Some students say they are being flooded with tests and assignments as teachers try to make up ground following a flurry of school cancellations this school year due to storms.
The Halifax Regional School Board has cancelled the fewest number of days at 9½. Students in the Cape Breton-Victoria board have missed 16 days, and those north of Cape Smokey, as well as in Iona and Baddeck, have missed 17 days.
These numbers don't count Dec. 3 when the government decided work-to-rule would put students at risk and cancelled class, nor the teachers' one-day provincewide strike on Feb. 17 to protest legislation to impose a contract on them.
'It's going to be a crunch'
Wendy MacKay's son graduates from high school in Sydney this year and he's having problems after missing two weeks of class.
"It's going to be a crunch and what's going to be a concern too is going to be things that are going to be missed and skipped over that they don't think is as important as maybe it should be," said MacKay.
"Especially in grad year when they're getting ready for college and university. I'm hoping that it will be OK."
Workload 'brutal,' says student
Kenneth Chant, a Grade 11 student at Riverview High School outside of Sydney, said students have been bombarded with work to make up for lost time.
"The workload has increased a lot," he said. "It's brutal, it's hard, it's stressful and there's nothing you can really do about it because of all of the time that we've missed."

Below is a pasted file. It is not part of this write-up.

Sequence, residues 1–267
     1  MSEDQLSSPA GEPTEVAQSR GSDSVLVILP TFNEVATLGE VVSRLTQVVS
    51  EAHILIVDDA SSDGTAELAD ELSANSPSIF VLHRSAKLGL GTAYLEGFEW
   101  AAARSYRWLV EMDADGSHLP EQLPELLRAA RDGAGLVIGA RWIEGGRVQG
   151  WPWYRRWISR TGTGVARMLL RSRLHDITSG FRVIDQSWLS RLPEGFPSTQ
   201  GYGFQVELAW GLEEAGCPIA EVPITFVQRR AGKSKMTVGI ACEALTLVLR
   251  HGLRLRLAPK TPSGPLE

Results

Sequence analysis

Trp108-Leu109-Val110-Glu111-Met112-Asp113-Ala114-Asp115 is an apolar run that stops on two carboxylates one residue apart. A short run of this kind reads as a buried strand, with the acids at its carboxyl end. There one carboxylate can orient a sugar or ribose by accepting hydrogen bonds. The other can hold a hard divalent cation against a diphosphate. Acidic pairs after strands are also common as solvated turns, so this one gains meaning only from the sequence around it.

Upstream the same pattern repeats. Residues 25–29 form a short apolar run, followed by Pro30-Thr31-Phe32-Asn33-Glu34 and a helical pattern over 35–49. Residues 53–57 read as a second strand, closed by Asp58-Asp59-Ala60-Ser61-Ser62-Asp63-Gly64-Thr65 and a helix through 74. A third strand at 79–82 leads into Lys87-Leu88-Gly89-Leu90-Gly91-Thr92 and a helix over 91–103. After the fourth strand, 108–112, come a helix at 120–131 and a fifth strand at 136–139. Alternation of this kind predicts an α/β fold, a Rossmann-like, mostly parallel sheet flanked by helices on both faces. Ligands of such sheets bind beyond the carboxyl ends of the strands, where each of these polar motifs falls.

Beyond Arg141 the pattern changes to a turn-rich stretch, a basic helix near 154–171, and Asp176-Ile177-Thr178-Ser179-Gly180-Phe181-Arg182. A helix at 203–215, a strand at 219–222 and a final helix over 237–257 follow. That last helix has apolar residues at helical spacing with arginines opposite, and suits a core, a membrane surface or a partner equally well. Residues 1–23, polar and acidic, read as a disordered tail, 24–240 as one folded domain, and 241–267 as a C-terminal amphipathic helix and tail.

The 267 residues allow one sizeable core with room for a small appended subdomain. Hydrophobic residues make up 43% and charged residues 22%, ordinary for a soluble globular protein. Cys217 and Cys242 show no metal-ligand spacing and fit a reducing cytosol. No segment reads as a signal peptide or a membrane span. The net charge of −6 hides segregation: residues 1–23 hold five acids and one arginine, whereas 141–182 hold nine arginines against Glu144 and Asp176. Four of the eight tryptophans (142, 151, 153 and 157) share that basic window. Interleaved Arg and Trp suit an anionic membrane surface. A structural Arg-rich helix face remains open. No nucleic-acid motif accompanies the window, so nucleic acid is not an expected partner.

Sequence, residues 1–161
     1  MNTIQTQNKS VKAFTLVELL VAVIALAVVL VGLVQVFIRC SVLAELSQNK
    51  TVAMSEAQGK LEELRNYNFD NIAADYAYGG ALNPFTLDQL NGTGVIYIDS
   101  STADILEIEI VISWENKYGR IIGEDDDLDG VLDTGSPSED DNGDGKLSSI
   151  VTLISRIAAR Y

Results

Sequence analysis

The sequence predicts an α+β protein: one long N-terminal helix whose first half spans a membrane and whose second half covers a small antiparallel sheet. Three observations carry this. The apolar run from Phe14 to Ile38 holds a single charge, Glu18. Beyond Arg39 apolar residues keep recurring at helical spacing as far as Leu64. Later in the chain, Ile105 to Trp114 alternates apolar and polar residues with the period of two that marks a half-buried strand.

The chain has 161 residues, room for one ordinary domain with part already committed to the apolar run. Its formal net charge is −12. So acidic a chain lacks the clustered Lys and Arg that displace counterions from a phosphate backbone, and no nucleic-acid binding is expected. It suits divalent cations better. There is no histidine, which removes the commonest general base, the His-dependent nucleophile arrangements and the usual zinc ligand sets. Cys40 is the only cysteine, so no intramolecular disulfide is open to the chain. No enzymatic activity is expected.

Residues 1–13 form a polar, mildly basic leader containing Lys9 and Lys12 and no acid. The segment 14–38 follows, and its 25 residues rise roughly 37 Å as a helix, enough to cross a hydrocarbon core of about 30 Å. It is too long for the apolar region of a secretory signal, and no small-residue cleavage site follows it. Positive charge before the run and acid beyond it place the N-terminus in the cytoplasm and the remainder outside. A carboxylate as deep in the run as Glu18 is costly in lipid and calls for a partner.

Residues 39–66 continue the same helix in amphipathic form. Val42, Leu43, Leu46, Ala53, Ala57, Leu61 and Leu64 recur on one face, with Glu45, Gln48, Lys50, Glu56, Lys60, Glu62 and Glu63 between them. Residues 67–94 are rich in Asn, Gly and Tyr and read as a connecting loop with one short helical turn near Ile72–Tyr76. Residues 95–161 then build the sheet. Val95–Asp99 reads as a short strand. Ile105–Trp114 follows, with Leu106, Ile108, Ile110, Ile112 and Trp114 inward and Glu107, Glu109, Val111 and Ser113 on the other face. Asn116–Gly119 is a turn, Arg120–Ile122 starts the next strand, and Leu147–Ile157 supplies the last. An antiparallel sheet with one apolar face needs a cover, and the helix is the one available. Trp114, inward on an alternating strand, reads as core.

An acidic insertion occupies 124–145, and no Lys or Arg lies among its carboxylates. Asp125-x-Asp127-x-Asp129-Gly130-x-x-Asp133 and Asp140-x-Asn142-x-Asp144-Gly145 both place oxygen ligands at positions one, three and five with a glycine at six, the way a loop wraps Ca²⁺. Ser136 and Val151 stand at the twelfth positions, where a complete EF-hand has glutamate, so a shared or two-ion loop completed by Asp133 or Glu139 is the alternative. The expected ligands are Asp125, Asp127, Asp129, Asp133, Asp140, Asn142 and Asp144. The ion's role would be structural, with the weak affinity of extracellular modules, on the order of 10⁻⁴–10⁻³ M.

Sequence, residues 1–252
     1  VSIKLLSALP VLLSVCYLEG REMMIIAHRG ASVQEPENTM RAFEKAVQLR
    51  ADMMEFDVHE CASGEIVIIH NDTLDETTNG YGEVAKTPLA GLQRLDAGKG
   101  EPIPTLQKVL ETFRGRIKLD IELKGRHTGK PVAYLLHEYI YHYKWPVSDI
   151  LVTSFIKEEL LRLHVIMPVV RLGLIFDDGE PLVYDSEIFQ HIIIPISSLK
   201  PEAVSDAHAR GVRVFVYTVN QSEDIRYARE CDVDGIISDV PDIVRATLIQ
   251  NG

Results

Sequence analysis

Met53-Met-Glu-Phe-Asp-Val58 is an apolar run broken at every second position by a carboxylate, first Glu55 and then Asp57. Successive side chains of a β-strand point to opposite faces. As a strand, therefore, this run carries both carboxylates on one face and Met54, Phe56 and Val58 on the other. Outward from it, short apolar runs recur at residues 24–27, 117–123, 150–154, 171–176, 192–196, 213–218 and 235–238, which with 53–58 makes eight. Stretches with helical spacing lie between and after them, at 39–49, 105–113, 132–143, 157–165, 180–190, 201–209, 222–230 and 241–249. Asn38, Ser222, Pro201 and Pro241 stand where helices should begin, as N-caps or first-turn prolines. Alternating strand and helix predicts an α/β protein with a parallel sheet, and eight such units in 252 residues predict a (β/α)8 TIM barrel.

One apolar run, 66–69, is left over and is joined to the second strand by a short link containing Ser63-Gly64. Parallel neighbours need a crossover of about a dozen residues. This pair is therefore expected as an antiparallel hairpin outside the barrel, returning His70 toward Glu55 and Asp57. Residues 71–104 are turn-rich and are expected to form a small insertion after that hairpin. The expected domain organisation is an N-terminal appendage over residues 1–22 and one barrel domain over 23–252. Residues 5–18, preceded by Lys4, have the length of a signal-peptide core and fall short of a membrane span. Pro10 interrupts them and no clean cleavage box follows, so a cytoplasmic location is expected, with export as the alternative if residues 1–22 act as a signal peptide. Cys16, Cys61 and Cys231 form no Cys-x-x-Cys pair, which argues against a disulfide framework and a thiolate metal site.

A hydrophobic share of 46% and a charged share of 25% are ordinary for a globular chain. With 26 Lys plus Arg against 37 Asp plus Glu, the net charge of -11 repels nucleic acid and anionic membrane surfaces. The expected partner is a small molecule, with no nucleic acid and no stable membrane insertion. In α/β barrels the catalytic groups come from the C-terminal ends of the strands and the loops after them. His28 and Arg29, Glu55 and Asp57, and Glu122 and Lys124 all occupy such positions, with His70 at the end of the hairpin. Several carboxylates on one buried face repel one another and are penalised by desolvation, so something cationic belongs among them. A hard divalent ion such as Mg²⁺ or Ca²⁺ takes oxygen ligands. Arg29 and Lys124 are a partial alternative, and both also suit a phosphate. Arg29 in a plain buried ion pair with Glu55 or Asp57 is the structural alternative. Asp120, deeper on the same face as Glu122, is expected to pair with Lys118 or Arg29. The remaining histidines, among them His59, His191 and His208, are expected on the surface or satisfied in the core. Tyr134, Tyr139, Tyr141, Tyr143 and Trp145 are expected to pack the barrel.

Grade 11 student Hannah Rudderham agrees.
"Teachers are cramming in tests, like five tests a week, four tests a week — and the teachers don't really talk to each other about when they're having these tests so with all these snow days, they're all just putting their workload in the same time frame," said Rudderham.
No plans to lengthen school year
Education Minister Karen Casey said the province has no plans to extend the school year.
"It's winter in Nova Scotia, it is something we can't control but I think teachers do a very good job of trying to make the best of the instructional time that they have," she said.
She said a number of years ago the school year in Nova Scotia was extended by five days to accommodate time lost for storms.
It's up to individual boards whether or not to cancel school.
"They err on the side of safety, there's no question, and I commend them for doing that," said Casey. "It's pretty hard to take away the safety issue and that's really what motivates boards to make those decisions."
Storm closures are bound to happen, said Casey.
"It's a way of life."